in vivo host molecular events occurring in the progression to active TB disease in the face of HIV co-infection, could significantly impact development of effective therapeutic strategies. Although genomic approaches have been used to identify host response pathways that are important to TB-disease progression, almost all of these studies were undertaken in non-African, adult populations. HIV-infected Africans and particularly children – who have a different route of acquisition, clinical course, and pathophysiology from their adult counterparts – have not been included, although they potentially have more to ultimately contribute and gain from any therapeutic advances.
CAfGEN envisaged a project that encompassed 5 inter-related aims:
Following the completion of more than two years of didactic training in genomics and bioinformatics at BCM,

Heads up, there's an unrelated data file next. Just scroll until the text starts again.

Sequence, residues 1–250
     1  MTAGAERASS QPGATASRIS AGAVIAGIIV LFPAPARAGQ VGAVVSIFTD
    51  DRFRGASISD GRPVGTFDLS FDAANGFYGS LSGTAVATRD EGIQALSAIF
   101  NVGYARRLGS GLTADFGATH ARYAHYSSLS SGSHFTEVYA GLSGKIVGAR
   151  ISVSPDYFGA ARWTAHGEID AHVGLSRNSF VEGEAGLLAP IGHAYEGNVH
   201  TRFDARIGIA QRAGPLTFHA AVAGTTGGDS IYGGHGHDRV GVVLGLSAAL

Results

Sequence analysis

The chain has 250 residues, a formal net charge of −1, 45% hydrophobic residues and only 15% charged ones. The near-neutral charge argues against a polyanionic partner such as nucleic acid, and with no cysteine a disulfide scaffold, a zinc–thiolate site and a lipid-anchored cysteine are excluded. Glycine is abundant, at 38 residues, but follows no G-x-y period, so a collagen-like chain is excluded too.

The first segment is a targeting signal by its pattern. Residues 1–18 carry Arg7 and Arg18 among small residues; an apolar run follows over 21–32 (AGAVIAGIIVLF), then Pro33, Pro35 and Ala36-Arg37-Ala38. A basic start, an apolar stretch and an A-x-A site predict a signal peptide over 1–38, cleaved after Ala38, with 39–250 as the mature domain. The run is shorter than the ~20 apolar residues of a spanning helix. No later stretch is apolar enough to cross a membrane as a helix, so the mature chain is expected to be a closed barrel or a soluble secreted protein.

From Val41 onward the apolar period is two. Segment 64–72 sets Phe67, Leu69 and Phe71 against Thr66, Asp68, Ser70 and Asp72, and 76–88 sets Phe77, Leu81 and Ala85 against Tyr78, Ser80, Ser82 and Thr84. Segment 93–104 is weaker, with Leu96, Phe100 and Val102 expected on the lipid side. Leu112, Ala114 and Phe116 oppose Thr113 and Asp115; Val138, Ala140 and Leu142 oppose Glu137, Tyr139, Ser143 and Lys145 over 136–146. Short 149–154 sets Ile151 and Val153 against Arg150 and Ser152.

CAfGEN trainees are currently analyzing the genomic data at their respective institutions utilizing local computing resources made possible by
CAfGEN funding while they continue to receive both mentorship and supervision from their BCM mentors.
CAfGEN project has enabled six PhD students to successfully complete their intensive genomics training at BCM. They are all being supported to complete their PhDs at their home institutions. The project allowed the purchase of both an ABI 3500 Capillary sequencer (Life Technologies, CA) and a MiSeq System (Illumina, San Diego, CA) for the University of Botswana and Makerere University, respectively. The acquisition of these instruments has already spurred new opportunities for genomics training and research at these institutions. In particular, the ”